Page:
Li: Well, and another difference from other industries is that with medicine not only do you not know what the guy next to you is paying, you frequently do not know what you are paying! No question that this seems illogical to most people. That brings up the question of where emergency medicine fits into this. If patients have chronic arthritis in a knee and need a knee replacement, they have plenty of time to shop around and anticipate costs if pricing is transparent. In an emergency situation, by contrast, care required and costs are not predictable. The patient comes in with leg pain or chest pain and we often need testing to diagnose the problem. We frequently can’t tell the patient up front what testing will be required or what will need to be treated, and so we cannot tell the patient what the costs will be. In the ED, efficiency, flow, and time are of the essence. If completely transparent price disclosure was mandated for every patient in the ED, in the heat of the visit someone would have to tell each anxious and suffering patient, here are the risks and benefits of each test, and here is how much each one costs. Now, do you want the EKG? Do you want the CT? Do you want the blood work, do you want the urine test, do you want this treatment, or that treatment? Also, how does price disclosure fit in with EMTALA when financial coercion is considered a violation? We’ll have to figure out how to balance reasonable disclosure and a rational pricing structure with the realities of emergency care.
Weeker: Adding complexity to that, Gary, you were telling me about a surgery center where the doctors owned a piece of the action. Their prices for a procedure that usually costs $5,000 was $50,000. And strangely enough, the insurance companies were paying! The government needs to mandate that all these prices have to be published. Then the patients can put pressure on their doctors to be aware of costs when they make referrals, and to help them minimize expenses.
In 2009, the California Supreme Court ruled that ER physicians who have not contracted with a health maintenance organization (HMO) may not bill the HMO’s members for the balance of the physicians’ billed charges that were not paid by the HMO. This outlawing of “balance billing” is a step in the direction of making charges predictable for patients and holding down costs.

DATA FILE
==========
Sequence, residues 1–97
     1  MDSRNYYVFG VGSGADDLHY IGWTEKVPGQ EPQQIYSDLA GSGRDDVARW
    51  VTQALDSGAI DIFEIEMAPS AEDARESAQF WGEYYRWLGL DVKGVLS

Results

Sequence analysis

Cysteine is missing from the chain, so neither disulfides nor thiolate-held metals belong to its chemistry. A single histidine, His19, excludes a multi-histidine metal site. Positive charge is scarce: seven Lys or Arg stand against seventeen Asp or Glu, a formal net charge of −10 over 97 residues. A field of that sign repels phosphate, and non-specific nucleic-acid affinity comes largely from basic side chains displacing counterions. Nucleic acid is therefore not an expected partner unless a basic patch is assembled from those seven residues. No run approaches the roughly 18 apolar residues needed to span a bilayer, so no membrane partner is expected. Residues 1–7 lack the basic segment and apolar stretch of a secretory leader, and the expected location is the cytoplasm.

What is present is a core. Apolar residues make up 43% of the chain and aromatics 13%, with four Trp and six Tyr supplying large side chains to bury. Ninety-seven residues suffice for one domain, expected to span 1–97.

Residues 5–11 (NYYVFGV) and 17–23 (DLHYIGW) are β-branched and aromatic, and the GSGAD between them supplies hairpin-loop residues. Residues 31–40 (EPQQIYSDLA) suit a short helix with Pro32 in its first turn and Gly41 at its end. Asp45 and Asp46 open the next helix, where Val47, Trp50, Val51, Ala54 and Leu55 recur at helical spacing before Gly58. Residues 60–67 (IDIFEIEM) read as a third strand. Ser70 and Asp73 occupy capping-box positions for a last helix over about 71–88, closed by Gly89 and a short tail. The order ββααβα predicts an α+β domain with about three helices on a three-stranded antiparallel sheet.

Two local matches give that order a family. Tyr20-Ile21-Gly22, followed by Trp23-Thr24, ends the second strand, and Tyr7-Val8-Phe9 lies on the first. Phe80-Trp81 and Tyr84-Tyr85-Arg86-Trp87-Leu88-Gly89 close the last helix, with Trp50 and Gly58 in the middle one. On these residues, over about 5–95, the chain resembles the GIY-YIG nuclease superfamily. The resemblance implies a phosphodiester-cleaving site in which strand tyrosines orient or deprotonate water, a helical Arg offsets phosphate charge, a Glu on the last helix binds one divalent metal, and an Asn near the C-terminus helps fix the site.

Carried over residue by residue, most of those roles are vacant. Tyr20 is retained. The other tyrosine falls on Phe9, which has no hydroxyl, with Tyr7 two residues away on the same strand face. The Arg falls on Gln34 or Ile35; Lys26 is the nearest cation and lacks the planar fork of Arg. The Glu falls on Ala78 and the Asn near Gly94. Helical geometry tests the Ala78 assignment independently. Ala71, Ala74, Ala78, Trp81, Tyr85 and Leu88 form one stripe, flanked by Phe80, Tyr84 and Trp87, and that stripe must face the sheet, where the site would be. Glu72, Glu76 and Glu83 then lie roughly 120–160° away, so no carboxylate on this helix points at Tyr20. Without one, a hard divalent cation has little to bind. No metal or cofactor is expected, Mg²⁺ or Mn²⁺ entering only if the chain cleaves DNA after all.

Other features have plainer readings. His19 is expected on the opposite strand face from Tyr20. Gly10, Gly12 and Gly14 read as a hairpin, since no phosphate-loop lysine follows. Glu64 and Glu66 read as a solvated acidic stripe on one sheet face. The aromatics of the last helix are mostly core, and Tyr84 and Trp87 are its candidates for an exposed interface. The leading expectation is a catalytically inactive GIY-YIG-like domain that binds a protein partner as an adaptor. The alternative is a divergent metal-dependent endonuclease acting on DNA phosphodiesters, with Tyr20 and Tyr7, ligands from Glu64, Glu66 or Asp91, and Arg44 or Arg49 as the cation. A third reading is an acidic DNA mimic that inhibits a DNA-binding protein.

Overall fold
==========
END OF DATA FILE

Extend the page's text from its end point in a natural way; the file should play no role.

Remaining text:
Clearly, the current lack of pricing logic and transparency in hospital charges is inconsistent with Obamacare and the movement towards a more uniform health system across the country. Stay tuned for more on how this system emerged, what the pricing system will look like in ten years, and how the Acute Care Continuum fits in.
In this series:
Physicians Discuss Price Transparency in Medicine (Part I)
Perspectives on Hospital Pricing: Where Did This System Come From? (Part II)
Envisioning Transparency 10 Years From Now (Part III)
The Impact of Increased Transparency on the Acute Care Continuum (Part IV)
[Image credit: "Rad 160601 Skull X-ray False color.nevit" by Nevit Dilmen licensed under CC BY-SA 3.0]
About the Authors
Ellis Weeker, MD, FACEP, is a founding partner of CEP America and previously served on the Board of Directors. He is a CEP America Vice President and a staff physician in the Emergency Department at Good Samaritan Hospital in San Jose, California. Dr. Weeker is also a member of the Santa Clara County Medical Association. He received his Bachelor of Science from Tulane University and medical degree from Louisiana State University Medical School in New Orleans. He completed his residency in Internal Medicine at Kaiser Medical Center and Highland General Hospital in Oakland, California. He is a diplomate of the American Board of Emergency Medicine and a fellow of the American College of Emergency Physicians. Dr. Weeker was also a recipient of CEP America's 2005 Stewardship Award.
Gary Li, MD, FACEP, joined CEP America in 1993. Dr. Li is a member of the Santa Clara County Medical Association, California Medical Association, American Medical Association, and Alpha Omega Alpha Honor Medical Society. He is former president of the South Bay Emergency Medical Directors Association. He received a Bachelor of Science degree in Biological Sciences from the University of California, Davis. After continuing on to Medical School at UC Davis, Dr. Li completed his Emergency Medicine residency at the Los Angeles County Harbor-UCLA Medical Center in Torrance, California. Dr. Li is an American College of Emergency Physicians Fellow and an American Board of Emergency Medicine Diplomate.